To assemble the sandwiches, I topped each bun with a healthy portion of the pulled and sauced turkey followed by the slaw and a few slices of dill pickles. Those pickles were a last second addition I grabbed when I went to the fridge to retrieve the slaw and they ended up being a great touch.
These sandwiches had so much going. The turkey itself was juicy with a light smokiness that melded with the sugars and fruit in the sauce. The slaw brought a nice crunch to party, along with its unique tang which was built upon even more with the sourness of the pickles. I'll put another plug in for brioche rolls, which enhanced the sweet and savory qualities of the sandwich on the whole. Delicious they were, but most importantly, they only faintly resembled a Thanksgiving meal, making them a way to use all those leftover in a manner that doesn't feel like you're settling for the same meal over again.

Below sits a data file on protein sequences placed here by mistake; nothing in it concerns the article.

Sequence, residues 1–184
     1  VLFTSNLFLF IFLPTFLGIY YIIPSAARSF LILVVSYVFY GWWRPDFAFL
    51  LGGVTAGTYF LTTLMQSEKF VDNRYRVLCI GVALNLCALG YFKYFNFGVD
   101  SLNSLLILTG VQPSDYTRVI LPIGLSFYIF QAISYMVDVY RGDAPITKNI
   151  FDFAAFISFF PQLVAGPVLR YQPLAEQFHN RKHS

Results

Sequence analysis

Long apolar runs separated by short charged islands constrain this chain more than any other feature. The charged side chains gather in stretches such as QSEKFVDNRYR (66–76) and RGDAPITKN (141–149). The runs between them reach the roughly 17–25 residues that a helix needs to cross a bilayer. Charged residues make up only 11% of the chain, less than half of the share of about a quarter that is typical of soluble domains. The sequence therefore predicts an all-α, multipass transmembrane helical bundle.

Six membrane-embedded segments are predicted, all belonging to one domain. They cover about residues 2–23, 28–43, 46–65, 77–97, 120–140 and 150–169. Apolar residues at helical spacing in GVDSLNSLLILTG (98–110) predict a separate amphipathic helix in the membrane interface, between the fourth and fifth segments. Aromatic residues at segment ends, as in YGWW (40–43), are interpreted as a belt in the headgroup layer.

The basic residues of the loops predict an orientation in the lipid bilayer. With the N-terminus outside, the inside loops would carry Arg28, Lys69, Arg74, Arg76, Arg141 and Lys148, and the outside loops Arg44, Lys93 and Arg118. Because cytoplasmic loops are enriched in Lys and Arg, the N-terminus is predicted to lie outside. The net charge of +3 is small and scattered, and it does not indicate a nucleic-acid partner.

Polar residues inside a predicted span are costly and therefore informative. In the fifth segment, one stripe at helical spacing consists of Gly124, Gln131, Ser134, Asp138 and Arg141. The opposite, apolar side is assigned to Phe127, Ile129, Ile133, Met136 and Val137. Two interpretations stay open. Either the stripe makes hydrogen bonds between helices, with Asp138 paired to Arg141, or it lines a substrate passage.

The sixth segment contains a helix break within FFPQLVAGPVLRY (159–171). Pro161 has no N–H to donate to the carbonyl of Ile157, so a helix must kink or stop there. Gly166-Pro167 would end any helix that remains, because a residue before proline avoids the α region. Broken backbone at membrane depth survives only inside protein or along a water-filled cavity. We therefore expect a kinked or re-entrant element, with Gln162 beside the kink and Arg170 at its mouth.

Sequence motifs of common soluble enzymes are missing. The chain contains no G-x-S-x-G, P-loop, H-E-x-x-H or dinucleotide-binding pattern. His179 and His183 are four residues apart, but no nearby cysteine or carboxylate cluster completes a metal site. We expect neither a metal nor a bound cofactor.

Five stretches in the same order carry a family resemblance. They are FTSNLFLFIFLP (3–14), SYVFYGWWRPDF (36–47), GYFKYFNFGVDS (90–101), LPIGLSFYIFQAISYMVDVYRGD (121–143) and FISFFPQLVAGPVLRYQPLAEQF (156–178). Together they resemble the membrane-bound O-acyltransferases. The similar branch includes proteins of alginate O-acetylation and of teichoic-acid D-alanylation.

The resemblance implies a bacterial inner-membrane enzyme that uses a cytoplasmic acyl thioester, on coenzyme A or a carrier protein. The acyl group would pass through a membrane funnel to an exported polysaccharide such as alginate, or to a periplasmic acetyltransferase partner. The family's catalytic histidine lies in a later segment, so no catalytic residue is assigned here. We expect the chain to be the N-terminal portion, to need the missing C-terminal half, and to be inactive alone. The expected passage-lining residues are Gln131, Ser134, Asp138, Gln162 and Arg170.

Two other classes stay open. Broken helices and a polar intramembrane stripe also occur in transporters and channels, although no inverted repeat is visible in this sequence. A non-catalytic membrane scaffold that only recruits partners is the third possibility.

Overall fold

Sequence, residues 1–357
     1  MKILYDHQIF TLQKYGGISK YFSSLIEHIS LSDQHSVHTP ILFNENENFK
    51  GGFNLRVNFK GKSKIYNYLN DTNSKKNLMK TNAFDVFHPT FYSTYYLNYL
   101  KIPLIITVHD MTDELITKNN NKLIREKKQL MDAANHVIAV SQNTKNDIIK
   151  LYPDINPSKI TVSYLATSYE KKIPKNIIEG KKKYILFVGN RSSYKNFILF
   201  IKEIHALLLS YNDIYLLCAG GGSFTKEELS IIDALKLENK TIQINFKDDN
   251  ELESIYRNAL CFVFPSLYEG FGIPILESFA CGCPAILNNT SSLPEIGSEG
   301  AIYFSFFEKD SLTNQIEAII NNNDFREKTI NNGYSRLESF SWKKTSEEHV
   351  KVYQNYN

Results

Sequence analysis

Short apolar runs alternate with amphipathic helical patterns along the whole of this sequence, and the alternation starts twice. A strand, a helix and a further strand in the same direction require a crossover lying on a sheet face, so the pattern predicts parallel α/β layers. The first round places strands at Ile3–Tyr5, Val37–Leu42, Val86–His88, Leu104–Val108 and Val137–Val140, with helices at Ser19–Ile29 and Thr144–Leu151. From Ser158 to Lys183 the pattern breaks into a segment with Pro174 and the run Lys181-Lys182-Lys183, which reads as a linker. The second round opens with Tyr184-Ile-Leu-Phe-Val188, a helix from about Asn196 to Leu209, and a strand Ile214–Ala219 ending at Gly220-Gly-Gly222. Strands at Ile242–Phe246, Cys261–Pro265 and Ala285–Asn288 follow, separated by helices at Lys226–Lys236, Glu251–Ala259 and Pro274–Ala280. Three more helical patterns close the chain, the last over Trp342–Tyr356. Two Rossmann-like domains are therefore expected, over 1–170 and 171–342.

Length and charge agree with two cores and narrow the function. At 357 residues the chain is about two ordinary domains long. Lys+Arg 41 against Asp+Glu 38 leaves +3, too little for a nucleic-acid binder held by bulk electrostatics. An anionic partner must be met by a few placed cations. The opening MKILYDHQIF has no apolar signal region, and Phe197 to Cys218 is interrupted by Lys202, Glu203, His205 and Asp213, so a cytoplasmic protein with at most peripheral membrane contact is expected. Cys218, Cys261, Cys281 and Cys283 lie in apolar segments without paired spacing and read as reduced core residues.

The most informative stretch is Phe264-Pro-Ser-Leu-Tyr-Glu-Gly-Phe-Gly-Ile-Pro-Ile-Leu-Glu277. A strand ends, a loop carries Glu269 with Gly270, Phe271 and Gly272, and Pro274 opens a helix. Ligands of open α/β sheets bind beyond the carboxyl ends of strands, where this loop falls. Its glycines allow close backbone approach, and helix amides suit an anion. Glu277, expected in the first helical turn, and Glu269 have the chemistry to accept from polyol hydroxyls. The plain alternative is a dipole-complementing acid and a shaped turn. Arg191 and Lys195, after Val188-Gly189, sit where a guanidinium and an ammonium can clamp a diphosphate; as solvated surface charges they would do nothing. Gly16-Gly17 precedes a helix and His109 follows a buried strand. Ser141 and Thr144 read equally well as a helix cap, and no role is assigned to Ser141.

Pulled Barbecue Turkey Sandwiches
- Prep Time:
- 20 Minutes
- Cook Time:
- 1 Hour
- Total Time:
- 1 Hour 20 Minutes
- 6 servings
- For the Coleslaw
- 1 large head green cabbage (about 3 1/2 pounds), finely shredded on a mandoline or by hand
- 1 large carrot, peeled and grated on the large holes of a box grater
- 2 Granny Smith apples, peeled, cored, and grated on the large holes of a box grater
- 2/3 cup sugar plus 3 tablespoons, divided
- 1/3 cup kosher salt
- 1/2 cup sour cream
- 1/3 cup mayonnaise
- 1/3 cup apple cider vinegar
- 3 tablespoons sugar
- 3 tablespoons honey
- 1 teaspoon freshly ground black pepper
- 1/2 teaspoon mustard powder
- 1/2 teaspoon poppy seeds
- For the Turkey
- 4lbs turkey thighs
- 1/3 cup your favorite barbecue rub
- 1 recipe cranberry barbecue sauce
- 1 chunk of mild smoking wood, such as apple or cherry
- 1 chunk of mild smoking wood, such as apple or cherry
- For the Sandwiches
- 6 brioche rolls
- Dill pickle slices